One approach that has proven efficacy in helping nursing professionals navigate between the traditional nursing role and leadership roles in peer review using the American Nurses Association (ANA) Guidelines for Peer Review. In this regard, George and Haag-Heitman report that, "Peer review implies that the nursing care delivered by a group of nurses or an individual nurse is evaluated by individuals of the same rank or standing according to established standards of practice" (2011, p. 255). Properly and timely performed, the peer review process can provide nursing professionals with the feedback they need to identify opportunities for improving their practice as well as identifying individual strengths that can be drawn upon for this purpose (George & Haag-Heitman, 2011).

Given the chronic shortages of qualified nursing leaders in the United States and many other Western nations today, it is also vitally important to provide nursing professionals with the training they need to perform their responsibilities properly, including forging personal relationships with other nursing leaders and staff. For example, Galletta, Portoghese, Battistelli and Leiter (2012) point out that, "The quality of working relationships that employees develop at the unit-level, influences employee attitudes with implications for both employee outcomes and unit performance" (p. 1772).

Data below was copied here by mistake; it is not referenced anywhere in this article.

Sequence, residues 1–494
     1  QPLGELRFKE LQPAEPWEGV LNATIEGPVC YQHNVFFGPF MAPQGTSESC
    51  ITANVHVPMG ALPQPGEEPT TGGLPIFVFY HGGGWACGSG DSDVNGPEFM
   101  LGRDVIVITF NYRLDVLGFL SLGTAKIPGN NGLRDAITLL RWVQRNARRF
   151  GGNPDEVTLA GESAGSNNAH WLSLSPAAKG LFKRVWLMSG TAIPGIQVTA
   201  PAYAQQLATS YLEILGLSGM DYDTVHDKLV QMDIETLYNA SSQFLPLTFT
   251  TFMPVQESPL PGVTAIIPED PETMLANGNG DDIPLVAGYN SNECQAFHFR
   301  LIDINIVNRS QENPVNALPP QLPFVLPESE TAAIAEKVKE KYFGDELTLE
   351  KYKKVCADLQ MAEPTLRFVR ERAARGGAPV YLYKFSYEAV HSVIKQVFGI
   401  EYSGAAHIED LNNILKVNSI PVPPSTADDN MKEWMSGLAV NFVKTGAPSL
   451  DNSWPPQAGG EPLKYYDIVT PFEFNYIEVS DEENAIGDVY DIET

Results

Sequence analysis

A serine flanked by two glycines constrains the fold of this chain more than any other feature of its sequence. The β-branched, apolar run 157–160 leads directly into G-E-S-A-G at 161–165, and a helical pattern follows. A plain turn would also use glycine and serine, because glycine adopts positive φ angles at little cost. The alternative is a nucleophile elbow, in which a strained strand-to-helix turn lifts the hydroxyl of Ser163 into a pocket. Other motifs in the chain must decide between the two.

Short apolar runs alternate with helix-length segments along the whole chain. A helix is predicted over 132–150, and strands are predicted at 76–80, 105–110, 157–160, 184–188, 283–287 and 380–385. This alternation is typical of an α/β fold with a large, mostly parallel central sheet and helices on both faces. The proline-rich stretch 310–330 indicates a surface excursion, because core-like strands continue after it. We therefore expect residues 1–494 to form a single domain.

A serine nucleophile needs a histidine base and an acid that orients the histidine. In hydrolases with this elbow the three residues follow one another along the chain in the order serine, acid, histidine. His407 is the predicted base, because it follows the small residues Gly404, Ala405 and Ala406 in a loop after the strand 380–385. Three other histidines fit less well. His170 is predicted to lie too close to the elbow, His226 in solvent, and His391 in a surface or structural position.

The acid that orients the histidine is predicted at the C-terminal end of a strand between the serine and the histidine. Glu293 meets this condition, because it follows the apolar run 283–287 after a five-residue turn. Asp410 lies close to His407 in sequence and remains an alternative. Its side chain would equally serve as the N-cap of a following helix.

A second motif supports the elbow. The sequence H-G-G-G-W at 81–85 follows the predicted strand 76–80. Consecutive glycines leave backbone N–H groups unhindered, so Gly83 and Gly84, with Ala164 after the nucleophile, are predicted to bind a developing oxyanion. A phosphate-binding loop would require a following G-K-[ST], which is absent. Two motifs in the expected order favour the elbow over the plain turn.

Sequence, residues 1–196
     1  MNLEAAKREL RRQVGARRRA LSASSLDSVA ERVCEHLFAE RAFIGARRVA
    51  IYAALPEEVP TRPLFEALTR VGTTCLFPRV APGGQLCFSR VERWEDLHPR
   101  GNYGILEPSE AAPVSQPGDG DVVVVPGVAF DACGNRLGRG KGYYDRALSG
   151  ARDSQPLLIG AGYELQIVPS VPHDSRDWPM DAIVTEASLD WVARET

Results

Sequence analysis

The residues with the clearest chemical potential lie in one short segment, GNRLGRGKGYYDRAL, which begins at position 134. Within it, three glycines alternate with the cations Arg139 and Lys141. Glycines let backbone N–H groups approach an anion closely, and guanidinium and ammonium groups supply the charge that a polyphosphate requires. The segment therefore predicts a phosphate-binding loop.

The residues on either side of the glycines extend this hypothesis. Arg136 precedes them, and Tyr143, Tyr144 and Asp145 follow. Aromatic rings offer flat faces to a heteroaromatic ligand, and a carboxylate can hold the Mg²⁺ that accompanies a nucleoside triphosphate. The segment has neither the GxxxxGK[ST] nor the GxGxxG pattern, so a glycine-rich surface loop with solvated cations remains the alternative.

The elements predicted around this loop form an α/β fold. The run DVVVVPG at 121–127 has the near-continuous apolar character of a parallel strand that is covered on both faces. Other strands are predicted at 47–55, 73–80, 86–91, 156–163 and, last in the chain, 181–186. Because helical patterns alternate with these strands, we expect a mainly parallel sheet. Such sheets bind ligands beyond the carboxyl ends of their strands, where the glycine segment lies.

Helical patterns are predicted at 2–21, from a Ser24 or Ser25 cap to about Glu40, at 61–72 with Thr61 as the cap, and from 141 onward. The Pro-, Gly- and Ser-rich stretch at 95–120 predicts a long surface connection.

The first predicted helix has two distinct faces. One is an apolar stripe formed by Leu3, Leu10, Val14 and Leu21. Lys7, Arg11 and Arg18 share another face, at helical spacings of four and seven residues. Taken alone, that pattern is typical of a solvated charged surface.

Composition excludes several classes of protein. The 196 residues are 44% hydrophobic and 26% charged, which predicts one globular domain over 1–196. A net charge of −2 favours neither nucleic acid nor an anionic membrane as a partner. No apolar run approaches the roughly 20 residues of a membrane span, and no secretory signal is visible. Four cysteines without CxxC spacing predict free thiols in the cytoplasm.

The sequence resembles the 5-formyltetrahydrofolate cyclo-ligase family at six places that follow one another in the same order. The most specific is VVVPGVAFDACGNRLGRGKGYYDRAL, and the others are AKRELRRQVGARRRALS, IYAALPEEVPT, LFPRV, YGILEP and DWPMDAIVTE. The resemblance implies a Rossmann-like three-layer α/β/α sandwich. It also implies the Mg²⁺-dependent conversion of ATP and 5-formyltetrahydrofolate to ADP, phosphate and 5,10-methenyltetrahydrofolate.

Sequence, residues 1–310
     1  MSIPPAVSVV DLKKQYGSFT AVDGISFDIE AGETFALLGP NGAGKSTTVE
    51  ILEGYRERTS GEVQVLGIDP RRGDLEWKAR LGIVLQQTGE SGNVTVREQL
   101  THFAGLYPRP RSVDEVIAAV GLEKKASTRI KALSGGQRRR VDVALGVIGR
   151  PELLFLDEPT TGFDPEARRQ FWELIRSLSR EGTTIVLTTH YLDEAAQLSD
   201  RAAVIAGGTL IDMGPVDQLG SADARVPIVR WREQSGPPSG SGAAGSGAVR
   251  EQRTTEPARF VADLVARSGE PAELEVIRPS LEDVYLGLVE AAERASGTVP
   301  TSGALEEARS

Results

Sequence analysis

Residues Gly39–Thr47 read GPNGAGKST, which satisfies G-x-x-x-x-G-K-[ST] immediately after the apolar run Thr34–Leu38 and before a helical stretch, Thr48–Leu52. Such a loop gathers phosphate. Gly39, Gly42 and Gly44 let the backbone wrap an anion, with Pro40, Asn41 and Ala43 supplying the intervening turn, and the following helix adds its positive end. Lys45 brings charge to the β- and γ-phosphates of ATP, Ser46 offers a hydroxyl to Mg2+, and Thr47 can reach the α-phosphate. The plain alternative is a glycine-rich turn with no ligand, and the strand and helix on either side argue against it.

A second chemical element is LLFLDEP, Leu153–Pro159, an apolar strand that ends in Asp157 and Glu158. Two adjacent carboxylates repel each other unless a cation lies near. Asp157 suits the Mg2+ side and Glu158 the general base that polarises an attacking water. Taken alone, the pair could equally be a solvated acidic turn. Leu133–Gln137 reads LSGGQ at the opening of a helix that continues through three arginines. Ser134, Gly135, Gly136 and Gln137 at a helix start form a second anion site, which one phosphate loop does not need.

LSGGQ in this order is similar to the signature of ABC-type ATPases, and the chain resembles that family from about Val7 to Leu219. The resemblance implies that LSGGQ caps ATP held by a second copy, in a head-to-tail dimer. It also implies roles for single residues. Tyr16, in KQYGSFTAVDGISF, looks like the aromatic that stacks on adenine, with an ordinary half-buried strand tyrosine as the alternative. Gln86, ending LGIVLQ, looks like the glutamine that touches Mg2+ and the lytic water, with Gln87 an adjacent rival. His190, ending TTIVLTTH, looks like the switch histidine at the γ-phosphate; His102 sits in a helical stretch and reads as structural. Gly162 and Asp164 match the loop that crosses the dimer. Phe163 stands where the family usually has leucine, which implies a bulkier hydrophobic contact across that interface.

To the extent that relationships between nursing leaders and subordinates are healthy will likely be the extent to which the nursing unit achieves optimal clinical outcomes while simultaneously minimizing unplanned nursing turnover rates (Galleta et al., 2012). This point is also made by Sherman and Pross (2010) who maintain that nursing leaders that forge healthy relationships with other supervisors and nursing staff provide the framework that is needed to achieve improved patient care. In this regard, Sherman and Pross (2010) note that, "The establishment of a healthy work environment requires strong nursing leadership at all levels of the organization, but especially at the point of care or unit level where most front line staff work and patient care is delivered" (p. 1).